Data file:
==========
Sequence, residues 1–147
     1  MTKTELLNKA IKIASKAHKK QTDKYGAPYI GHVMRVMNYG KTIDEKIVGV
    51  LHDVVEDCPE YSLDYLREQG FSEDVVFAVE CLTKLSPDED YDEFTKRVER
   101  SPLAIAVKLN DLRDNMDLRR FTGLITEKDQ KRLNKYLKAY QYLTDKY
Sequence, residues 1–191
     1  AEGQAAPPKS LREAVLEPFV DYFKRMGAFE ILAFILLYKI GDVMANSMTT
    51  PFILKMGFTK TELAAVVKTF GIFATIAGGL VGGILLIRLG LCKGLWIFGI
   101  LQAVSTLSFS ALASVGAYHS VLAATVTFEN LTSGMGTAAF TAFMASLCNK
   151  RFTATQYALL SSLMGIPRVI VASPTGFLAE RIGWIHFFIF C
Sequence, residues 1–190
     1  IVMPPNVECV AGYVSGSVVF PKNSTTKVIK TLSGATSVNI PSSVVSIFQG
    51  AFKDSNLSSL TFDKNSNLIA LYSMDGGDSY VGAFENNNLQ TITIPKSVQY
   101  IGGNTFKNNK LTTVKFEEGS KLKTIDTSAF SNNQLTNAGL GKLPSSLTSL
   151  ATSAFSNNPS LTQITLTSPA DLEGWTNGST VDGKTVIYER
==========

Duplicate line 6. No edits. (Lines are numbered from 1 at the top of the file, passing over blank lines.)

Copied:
     1  AEGQAAPPKS LREAVLEPFV DYFKRMGAFE ILAFILLYKI GDVMANSMTT